Warner Bros. Television has become the second major TV studios to push the production return date for the series that had been slated to resume filming in Los Angeles next week. It joins CBS Studios, with other studios and streamers expected to follow. All American, Bob ❤️ Abishola, B Positive, Call Me Kat, Mom, Shameless, and You, which had been scheduled to return from the holiday break the week of Jan. 4 will all prolong their production hiatus.
The Ellen DeGeneres Show has extended its hiatus in compliance with the recommendation from Calif. Governor Gavin Newsom that Hollywood studios put a pause on filming amid the ongoing COVID-19 surge in the state. Producers informed staff on Thursday that the show will delay its return to production by a week, rather than resuming with new episodes Jan. 4 as originally planned. Employees will be paid and will continue to work from home.
2020 was not, by any standard, a typical year. Even the linear television universe, a familiar and cyclical staple of media, saw its fair share of oddities. Halts in production of new and existing shows, delays in fall TV season premieres and an overall sense of time lost became realities as Americans were forced to recalibrate to spending more time at home for the good of public health and their communities. And in all likelihood, the atypical nature of the year will be profound enough to drive permanent shifts in consumer behavior, including media consumption. In fact, we’re already seeing them.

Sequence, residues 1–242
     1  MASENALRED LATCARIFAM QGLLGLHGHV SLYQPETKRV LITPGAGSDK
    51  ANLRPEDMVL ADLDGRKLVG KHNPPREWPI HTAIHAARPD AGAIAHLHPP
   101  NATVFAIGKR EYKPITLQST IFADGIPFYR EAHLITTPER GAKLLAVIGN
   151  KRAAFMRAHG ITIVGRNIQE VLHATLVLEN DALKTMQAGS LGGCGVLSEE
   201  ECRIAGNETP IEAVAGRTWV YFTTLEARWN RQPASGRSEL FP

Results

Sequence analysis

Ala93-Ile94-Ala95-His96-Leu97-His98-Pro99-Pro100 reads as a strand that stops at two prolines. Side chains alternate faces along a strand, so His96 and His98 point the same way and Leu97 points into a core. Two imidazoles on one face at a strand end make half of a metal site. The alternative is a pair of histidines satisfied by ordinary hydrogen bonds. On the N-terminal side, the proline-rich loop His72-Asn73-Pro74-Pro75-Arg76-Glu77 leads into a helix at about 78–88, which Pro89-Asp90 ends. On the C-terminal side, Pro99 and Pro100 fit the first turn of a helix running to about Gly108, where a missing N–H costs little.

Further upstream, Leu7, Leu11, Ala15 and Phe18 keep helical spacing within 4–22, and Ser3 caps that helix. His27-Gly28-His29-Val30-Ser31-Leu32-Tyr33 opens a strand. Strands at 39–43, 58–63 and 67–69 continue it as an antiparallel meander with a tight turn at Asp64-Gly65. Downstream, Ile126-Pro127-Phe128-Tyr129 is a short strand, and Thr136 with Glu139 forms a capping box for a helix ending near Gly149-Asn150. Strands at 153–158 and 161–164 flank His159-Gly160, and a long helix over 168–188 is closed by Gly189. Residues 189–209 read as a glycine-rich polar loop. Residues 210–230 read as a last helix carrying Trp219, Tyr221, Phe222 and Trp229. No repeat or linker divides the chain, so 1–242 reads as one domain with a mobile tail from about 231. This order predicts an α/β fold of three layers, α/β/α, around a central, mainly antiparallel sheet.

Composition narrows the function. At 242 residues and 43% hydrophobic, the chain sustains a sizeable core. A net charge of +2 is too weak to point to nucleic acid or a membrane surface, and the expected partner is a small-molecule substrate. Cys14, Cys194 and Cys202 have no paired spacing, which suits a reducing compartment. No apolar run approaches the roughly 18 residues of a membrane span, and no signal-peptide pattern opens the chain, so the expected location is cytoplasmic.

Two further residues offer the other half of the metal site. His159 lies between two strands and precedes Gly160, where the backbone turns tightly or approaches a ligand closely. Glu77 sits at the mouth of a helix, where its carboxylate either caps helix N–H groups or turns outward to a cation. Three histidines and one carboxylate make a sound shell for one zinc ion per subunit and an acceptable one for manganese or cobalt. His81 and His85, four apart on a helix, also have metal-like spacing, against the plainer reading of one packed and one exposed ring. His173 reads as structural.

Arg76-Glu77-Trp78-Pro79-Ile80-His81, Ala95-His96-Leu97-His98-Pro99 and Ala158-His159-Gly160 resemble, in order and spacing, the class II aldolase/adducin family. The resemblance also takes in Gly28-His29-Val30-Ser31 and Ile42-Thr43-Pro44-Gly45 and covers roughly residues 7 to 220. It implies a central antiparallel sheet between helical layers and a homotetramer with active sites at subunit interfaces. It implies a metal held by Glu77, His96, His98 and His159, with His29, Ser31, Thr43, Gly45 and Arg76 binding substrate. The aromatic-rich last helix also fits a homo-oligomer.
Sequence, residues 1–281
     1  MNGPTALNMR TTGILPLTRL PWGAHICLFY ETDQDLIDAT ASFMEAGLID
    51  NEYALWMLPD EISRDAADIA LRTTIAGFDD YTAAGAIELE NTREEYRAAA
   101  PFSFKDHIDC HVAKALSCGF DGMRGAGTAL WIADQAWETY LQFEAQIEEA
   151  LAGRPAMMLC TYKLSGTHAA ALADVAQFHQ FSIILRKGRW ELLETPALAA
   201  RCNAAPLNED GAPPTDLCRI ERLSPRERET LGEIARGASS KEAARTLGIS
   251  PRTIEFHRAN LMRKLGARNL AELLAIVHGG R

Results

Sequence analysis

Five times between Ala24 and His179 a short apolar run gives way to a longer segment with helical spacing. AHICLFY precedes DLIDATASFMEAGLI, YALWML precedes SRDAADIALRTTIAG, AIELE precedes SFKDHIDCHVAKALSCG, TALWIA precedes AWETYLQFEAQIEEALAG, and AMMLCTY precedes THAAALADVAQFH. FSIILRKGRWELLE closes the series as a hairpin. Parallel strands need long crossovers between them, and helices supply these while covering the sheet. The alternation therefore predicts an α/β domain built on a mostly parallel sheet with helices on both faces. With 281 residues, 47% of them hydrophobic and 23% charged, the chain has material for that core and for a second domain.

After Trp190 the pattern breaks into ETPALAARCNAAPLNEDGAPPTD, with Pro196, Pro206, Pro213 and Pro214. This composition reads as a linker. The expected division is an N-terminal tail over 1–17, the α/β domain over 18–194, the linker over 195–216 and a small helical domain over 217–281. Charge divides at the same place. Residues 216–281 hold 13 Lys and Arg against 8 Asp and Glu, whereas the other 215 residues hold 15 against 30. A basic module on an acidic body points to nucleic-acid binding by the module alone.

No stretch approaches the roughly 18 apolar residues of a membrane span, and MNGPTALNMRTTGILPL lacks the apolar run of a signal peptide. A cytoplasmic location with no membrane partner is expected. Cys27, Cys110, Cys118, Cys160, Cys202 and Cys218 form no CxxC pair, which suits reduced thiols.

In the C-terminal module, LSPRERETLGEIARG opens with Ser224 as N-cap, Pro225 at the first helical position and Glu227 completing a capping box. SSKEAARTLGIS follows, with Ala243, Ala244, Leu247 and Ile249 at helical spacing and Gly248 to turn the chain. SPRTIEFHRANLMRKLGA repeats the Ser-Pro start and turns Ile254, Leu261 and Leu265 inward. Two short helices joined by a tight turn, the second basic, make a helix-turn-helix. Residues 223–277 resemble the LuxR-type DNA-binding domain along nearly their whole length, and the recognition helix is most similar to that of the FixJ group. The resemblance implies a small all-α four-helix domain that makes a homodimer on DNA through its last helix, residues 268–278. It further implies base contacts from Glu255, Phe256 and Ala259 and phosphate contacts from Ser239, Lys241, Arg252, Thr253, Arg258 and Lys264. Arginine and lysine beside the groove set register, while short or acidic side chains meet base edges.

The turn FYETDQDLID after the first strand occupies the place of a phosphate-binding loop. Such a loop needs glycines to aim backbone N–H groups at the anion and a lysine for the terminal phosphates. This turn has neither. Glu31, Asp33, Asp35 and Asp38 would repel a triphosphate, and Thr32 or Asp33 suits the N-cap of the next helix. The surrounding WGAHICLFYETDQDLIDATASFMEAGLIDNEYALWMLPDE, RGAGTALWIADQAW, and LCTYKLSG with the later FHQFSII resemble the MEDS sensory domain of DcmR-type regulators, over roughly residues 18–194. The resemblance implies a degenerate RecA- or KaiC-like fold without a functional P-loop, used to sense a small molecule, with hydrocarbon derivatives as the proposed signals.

Besides having to do all profiles virtually due to COVID-19 protocols, there has been keeping up with late-breaking news and trying to hold the usual lively debates while being socially distanced. Above, l-r: Charissa Thompson, Tony Gonzalez, and Michael Vick discuss NFL topics on the set of Fox NFL Kickoff during a 2019 show.
Dawn Wells, best known for playing the girl-next-door castaway Mary Ann on the iconic TV comedy series Gilligan’s Island, died Wednesday morning in Los Angeles from complications due to COVID-19. She was 82. Wells, who was Miss Nevada in the 1959 Miss America pageant, beat out 350 actresses for the role of Mary Ann.
CBS has pushed the post-holiday restart dates on several of its series back a week as COVID-19 cases in Los Angeles County have surged. Production on NCIS, NCIS: Los Angeles and SEAL Team, all broadcast by CBS, as well as CBS All Access’ Why Women Kill and Disney+’s Diary of a Future President had been scheduled to return to production on Jan. 4 after their holiday break. All five shows will now resume on Jan. 11.
The Los Angeles County Department of Public Health is urging the film and TV industry to consider pausing production for a few weeks during the ongoing surge in coronavirus cases throughout the county. “Although music, TV and film productions are allowed to operate,” the health department said, “we ask you to strongly consider pausing work for a few weeks during this catastrophic surge in COVID cases. Identify and delay higher risk activities, and focus on lower-risk work for now, if at all possible.”
Plus, how Covid-19 has changed their industry and what trends are likely to stay.
And how the streaming and TV ecosystem will continue to evolve.